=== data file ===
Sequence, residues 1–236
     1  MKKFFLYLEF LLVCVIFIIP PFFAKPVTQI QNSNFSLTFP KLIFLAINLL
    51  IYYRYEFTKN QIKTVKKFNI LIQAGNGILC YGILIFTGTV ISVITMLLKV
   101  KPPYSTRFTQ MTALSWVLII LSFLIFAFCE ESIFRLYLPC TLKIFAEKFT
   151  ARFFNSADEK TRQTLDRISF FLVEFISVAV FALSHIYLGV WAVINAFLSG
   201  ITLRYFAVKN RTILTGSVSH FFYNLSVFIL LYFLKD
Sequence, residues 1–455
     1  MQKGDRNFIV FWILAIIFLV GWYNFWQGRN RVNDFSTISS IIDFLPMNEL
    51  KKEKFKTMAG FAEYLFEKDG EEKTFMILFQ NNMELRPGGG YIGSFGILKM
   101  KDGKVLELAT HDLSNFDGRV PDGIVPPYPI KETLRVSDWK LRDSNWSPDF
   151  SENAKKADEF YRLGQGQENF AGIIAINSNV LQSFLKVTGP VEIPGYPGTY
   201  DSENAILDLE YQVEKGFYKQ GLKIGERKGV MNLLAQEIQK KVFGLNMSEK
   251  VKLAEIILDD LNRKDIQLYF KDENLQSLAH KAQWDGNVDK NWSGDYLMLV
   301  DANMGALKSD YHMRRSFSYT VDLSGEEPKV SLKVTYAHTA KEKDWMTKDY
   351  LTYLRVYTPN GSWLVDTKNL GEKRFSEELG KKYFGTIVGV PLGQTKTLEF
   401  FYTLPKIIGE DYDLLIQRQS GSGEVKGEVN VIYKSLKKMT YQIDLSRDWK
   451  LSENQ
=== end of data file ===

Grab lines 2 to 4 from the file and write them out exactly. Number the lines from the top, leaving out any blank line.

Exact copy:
     1  MKKFFLYLEF LLVCVIFIIP PFFAKPVTQI QNSNFSLTFP KLIFLAINLL
    51  IYYRYEFTKN QIKTVKKFNI LIQAGNGILC YGILIFTGTV ISVITMLLKV
   101  KPPYSTRFTQ MTALSWVLII LSFLIFAFCE ESIFRLYLPC TLKIFAEKFT